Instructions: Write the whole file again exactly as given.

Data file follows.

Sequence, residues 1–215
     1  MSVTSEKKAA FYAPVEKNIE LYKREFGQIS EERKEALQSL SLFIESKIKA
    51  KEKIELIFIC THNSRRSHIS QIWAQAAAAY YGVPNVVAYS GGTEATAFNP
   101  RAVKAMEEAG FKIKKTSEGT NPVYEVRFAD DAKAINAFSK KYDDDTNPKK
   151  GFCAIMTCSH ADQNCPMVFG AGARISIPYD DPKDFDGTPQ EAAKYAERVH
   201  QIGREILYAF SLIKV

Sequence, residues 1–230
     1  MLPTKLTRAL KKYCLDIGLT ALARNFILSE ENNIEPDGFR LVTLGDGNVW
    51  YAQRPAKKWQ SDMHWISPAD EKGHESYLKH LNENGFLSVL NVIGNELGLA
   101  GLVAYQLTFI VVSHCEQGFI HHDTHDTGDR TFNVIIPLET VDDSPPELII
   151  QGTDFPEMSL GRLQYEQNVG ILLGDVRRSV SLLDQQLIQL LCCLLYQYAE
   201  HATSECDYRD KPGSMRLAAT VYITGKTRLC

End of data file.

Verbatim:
Sequence, residues 1–215
     1  MSVTSEKKAA FYAPVEKNIE LYKREFGQIS EERKEALQSL SLFIESKIKA
    51  KEKIELIFIC THNSRRSHIS QIWAQAAAAY YGVPNVVAYS GGTEATAFNP
   101  RAVKAMEEAG FKIKKTSEGT NPVYEVRFAD DAKAINAFSK KYDDDTNPKK
   151  GFCAIMTCSH ADQNCPMVFG AGARISIPYD DPKDFDGTPQ EAAKYAERVH
   201  QIGREILYAF SLIKV

Sequence, residues 1–230
     1  MLPTKLTRAL KKYCLDIGLT ALARNFILSE ENNIEPDGFR LVTLGDGNVW
    51  YAQRPAKKWQ SDMHWISPAD EKGHESYLKH LNENGFLSVL NVIGNELGLA
   101  GLVAYQLTFI VVSHCEQGFI HHDTHDTGDR TFNVIIPLET VDDSPPELII
   151  QGTDFPEMSL GRLQYEQNVG ILLGDVRRSV SLLDQQLIQL LCCLLYQYAE
   201  HATSECDYRD KPGSMRLAAT VYITGKTRLC